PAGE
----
Month: June 2017

Saxon Harbor’s flood-damage relief plan

More than 10 inches of rain fell on Saxon Harbor on July 11-12 last year, an area on Lake Superior on the border between Wisconsin and Minnesota. The Duluth News Tribune reported that $1.375 million in funding from the U.S. Army Corps of Engineers will be dedicated to dredging and repairing the flood-damaged harbour. The funds are dedicated to a project that will adjust the depth of the harbour and maintain it as a safe refuge for boats during future Superior storms.

The News Tribune recounts the flood damage included destruction of Saxon Harbor’s marina and campground, washed out roads, overflow of Oronto Creek, and 19 boats beached (others sank or set adrift). Three deaths were confirmed in the flood’s wake, and several people had to be rescued from the Apostle Islands. Significant amounts of sediment and mud were swept out to Superior’s shoreline, causing concern for drinking water quality.

Wisconsin Public Radio published an article outlining the concerns around heavy storms affecting water quality.

Photo credit: Wisconsin Public Radio: http://www.wpr.org/how-heavy-flooding-can-damage-drinking-water-quality

The dredging and repair project is part of the Army Corps’ 2017 budget, with a project bidding opportunity to be released Sept. 30. When work begins in 2018, the project will aim to restore the harbour to a depth more suitable for larger boats. Eric J. Peterson, a forest administrator for Iron County, WI, told the News Tribune that this will improve the harbour’s now-limited use. Before the storm, Saxon had three boat launches that could handle boats of 40 feet or more. Currently, the harbour only has one boat launch, facilitating boats of 24 feet or less.

“Saxon Harbor is a designated harbor of refuge on Lake Superior,” he said. “With that comes the responsibility for Army Corps to maintain the channel entering to the marina and the channel down the north basin of the marina.” (Eric J. Peterson to the Duluth News Tribune, 30 May 2017)

Funding for the work laid out above came about after U.S. Senator Tammy Baldwin (D-Wis) sent a letter to the Army Corps last fall for assistance in rebuilding the area. On behalf of Iron County, she requested the project be made a priority. In addition to the dredging project, efforts are underway to rebuild the camping ground and marina; construction is to take place in 2018, with a target completion for the 2019 recreation season.


To see the full Duluth News Tribune story, click here.

To see InfoSuperior’s original post on the Saxon Harbor storm, click here.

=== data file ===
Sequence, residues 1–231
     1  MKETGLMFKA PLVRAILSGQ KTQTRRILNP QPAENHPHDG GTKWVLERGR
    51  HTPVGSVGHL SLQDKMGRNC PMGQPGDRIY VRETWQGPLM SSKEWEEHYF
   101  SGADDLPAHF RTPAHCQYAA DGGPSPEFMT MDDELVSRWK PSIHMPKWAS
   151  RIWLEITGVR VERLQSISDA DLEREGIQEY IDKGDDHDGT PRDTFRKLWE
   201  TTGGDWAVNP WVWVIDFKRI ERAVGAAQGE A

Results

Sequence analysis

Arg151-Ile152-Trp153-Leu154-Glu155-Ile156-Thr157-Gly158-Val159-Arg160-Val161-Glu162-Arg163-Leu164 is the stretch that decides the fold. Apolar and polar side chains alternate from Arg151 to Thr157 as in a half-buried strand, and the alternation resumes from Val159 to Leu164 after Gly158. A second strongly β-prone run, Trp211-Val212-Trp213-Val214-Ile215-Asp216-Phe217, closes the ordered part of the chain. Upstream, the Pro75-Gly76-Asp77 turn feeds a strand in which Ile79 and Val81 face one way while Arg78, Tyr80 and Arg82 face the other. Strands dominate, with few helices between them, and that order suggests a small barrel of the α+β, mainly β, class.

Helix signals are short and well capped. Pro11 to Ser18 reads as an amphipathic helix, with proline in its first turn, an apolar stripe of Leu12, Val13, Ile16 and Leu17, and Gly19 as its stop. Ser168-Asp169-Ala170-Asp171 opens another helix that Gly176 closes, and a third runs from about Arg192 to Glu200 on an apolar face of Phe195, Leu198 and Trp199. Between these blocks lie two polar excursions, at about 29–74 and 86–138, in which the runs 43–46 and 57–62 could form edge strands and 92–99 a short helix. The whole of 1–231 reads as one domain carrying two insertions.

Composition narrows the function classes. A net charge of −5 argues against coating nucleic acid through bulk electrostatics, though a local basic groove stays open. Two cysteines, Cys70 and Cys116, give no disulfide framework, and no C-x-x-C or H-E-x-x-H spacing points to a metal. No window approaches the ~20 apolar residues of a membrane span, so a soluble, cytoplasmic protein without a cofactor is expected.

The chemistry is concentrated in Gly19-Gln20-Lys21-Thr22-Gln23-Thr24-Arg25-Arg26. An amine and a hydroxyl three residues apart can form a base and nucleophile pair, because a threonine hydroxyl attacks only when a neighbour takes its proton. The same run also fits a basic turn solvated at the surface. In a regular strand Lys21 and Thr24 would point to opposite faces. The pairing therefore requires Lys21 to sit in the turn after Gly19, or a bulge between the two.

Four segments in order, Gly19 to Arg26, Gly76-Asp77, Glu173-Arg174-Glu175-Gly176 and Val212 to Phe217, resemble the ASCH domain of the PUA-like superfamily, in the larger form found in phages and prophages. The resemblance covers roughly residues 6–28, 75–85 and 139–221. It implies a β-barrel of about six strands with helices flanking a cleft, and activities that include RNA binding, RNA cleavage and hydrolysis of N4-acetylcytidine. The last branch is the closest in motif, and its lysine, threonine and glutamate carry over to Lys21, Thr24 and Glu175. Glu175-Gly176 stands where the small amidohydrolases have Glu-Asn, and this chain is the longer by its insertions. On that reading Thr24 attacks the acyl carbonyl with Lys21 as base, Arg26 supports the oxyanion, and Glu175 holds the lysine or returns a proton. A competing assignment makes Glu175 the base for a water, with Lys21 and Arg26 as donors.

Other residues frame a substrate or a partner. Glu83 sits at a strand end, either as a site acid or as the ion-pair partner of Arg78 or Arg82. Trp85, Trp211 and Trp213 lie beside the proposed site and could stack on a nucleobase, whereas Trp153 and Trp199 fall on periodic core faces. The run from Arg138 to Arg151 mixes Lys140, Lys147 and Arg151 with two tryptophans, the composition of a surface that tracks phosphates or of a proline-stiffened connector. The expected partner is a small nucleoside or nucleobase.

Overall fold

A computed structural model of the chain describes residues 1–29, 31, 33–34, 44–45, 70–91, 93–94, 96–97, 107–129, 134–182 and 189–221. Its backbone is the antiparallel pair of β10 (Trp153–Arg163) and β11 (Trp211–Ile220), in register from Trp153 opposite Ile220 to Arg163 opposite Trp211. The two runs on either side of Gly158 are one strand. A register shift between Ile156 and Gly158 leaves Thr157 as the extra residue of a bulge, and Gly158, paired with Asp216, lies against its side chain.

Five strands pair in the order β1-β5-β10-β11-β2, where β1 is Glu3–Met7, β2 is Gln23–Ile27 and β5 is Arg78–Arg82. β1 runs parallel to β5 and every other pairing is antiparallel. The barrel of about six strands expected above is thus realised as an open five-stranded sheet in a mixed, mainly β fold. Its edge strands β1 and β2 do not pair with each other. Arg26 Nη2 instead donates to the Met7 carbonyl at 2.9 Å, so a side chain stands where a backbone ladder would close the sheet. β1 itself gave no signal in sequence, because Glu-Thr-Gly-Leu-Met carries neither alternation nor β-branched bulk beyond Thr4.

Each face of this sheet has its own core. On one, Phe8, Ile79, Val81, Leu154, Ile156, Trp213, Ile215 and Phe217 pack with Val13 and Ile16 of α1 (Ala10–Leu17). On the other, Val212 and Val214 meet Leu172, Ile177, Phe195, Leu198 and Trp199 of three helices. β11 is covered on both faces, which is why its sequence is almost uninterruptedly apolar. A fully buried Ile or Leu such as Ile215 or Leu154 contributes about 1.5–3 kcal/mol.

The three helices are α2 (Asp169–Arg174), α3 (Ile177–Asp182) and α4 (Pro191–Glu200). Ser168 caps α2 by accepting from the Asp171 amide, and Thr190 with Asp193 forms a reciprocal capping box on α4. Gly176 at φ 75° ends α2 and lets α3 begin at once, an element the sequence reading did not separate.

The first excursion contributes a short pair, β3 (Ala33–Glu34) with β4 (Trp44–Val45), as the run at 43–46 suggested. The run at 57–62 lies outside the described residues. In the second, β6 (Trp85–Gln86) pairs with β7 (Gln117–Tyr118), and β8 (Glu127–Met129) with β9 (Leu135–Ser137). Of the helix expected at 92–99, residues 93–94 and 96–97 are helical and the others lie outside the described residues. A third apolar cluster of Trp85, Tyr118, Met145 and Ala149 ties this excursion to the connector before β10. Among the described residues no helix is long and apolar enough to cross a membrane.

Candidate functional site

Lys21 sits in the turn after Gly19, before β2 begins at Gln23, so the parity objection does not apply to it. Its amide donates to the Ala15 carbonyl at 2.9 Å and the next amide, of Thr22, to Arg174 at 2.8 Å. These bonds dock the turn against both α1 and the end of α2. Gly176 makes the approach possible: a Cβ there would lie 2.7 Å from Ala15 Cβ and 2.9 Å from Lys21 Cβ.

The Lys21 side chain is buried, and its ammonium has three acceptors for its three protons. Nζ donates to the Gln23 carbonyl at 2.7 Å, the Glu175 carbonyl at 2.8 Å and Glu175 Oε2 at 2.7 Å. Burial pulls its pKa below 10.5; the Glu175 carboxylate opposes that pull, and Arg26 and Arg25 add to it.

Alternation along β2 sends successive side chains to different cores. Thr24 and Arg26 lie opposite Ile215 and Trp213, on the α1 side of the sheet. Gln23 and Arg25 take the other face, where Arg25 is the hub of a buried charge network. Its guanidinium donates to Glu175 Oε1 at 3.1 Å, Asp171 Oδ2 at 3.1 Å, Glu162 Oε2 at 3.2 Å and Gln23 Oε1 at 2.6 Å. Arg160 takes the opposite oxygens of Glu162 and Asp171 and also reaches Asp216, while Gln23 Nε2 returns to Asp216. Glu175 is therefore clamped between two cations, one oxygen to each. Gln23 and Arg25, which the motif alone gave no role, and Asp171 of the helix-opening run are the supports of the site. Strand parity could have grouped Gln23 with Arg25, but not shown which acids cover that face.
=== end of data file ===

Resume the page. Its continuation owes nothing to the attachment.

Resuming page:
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June 22 Nipigon Bay PAC Meeting Features Lakewide Action Plan

Nipigon Bay
Nipigon Bay, Lake Superior

The Public Advisory Committee (PAC) to the Nipigon Bay Remedial Action Plan will meet at 7 p.m. on June 22nd in the Red Rock Marina Interpretive Centre in Red Rock, Ontario. Anyone interested in the environmental health of Lake Superior and its surrounding watershed is welcome to attend. The meeting is free of charge.

Rob Hyde of Environment and Climate Change Canada will provide a presentation on the Lake Superior Action and Management Plan. The plan guides Binational Partnership efforts aimed at Lake Superior restoration and protection.

Additionally, a representative of the Ontario Ministry of the Environment and Climate  Change will provide an overview of ongoing environmental monitoring in Nipigon Bay on Lake Superior. Environment and Climate Change Canada will provide information about Nipigon Bay’s status as a Great Lakes Area of Concern. The PAC will also discuss future direction.

Meeting Package:

The Red Rock Marina Interpretive Centre is located at 7 Park Road, Red Rock, ON, P0T 2P0.

To RSVP on Facebook, click here to see our event page. 

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North Harbour Contamination Topic of June 7 PAC Meeting

Thunder Bay North Harbour
A backhoe working from a barge excavates a sample of contaminated material in the northern portion of Thunder Bay Harbour. This work was completed as part of efforts to better characterize the 400,000 cubic meters of contaminated, pulpy material.

The Public Advisory Committee for the Thunder Bay Remedial Action Plan will be holding a meeting on June 7, 2017 at Lakehead University. Remedial Action Plans deal with environmental impairments in Areas of Concern on the Great Lakes. This includes chemical, physical, and biological degradation resulting in pollution and impacts to habitat.

The June 7th meeting will focus on an overview of mercury and other contamination in the northern portion of Thunder Bay Harbour, work completed toward cleaning up the contamination, and planned efforts to move forward with the project. The meeting will begin at 7:00 p.m. in the Advanced Technology and Academic Centre (ATAC) building room 3004 (located in the NW corner of 3rd floor).  Free evening parking at Lakehead University is available right beside the ATAC building.

Lakehead University graduate student Nathan Wilson will also outline work he will be undertaking aimed at developing a “habitat strategy” for the Thunder Bay Area of Concern. Nathan will conduct research  to pinpoint locations which could benefit from protection or restoration. Shorline, coastal wetlands and stream and river mouths entering Superior are highly productive for fish and wildlife but have been heavily impacted by development.

A detailed agenda and a map showing the meeting location are accessible via the links bel0w:

 

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